Editors are not the busiest people outside of Donald Trump’s Twitter crisis team, no matter how much they’d like you to believe it. I’m probably the first editor to even contemplate busting this myth, because of the excuses it allows us to make. Sorry, I can’t answer that email, I can’t take that call, I can’t make lunch or dinner this week or next week or next month or next year, no mom I can’t come to aunt Sylvie’s funeral, sorry hun I can’t make the birth of our son, I can’t talk, I can’t breathe, I can’t even work I’m so damn busy.
Enough. Yes editors are busy. But the busiest editors are those who have no freelance budget and have to write everything they publish. We’re not interested in them. Commissioning editors, or editors lucky enough to work on a title that uses freelancers, are certainly not too busy to read your email (I guarantee they did. At least a few lines. No one wants to miss out on a great story, even if it means reading 100 bad ideas first). They’re not too busy to send a brief cursory reply (they just don’t want to). And they’re certainly not busier than the full-time freelancer trying to feed a family and pay bills and write stories and source pictures and find the next assignment. These editors start work at 9, finish at 6 and get a guaranteed, can’t-complain wage slip at the end of every month, no matter how many articles they write or edit. They get all the usual employee benefits, zero risk and could eat out for free at a nice hotel or restaurant three days a week or more should they want.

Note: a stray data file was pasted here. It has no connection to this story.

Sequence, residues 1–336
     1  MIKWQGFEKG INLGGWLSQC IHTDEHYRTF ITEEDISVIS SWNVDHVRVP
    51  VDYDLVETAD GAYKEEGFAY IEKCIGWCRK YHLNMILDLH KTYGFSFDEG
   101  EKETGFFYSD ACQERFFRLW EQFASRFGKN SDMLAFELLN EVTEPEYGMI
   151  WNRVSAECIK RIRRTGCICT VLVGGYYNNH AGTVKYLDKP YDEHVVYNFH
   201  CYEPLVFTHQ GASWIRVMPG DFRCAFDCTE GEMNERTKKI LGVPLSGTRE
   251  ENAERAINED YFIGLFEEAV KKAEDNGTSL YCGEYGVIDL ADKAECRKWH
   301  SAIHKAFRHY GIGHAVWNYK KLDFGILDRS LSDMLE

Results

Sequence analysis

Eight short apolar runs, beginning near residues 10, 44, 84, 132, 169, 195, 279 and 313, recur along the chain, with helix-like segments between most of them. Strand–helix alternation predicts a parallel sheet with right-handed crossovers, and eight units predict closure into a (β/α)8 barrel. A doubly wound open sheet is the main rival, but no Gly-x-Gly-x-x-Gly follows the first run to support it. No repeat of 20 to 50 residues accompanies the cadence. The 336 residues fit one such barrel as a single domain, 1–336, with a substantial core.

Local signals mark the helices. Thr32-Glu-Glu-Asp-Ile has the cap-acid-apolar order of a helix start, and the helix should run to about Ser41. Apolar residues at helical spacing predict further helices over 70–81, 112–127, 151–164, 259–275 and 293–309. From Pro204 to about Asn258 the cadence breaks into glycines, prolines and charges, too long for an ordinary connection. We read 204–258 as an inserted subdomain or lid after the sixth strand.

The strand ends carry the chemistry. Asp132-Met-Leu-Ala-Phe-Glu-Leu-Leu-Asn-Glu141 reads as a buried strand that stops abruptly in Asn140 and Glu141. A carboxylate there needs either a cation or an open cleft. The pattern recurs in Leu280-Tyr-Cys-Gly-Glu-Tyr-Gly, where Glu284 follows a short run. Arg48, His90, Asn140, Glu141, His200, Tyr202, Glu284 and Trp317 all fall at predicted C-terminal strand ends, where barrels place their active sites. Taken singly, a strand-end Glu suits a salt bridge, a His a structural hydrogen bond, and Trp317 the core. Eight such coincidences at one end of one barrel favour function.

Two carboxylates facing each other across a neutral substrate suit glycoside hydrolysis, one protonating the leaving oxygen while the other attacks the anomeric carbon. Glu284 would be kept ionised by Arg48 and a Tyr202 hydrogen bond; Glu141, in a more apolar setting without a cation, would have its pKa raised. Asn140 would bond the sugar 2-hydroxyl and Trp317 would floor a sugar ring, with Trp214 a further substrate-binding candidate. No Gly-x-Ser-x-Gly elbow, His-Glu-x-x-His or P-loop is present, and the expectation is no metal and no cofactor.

We don’t need to pander to the egos of this blessed crowd, despite our co-dependence.
At the same time, we shouldn’t expect them to reply to every pitch.
It may be polite, you may think it would make their lives easier in the long run by guiding you to pitch ideas better aligned to their needs, you might consider it a painless way to extend the simplest of professional courtesies, but actually that’s not your call. They’re doing their job the way they think works best for them, so you need to do yours they way that’s best for you.
That means retaining your professionalism in the face of such abhorrent insolence(!)
So, why might an editor not want to reply to your pitch?
Nine out of 10 editors prefer some other story
The first thing to realise is that no reply really does mean no thanks, at least 95% of the time. As I said, your email did get read, so if the story was of interest you would have had a reply probably within a few days. So straight away we’re looking at 19 out of 20 ‘no responses’ meaning no interest.
Why no reply? Editors are human, and humans tend toward self-interest and self-preservation.
“This email is of no use to me,” goes the thinking. “Delete.” The therapeutic effects of deleting emails and at least trying to reach inbox zero, however doomed the attempt, outweigh the small niggling voice in the head saying “It would be polite to reply. They’d appreciate it.”
Note that at that moment the editor is looking at and concerned with “an email.” Not a person, not a struggling freelancer waiting like a forgotten puppy at the other end of the Interweb. A cold, lifeless, useless email.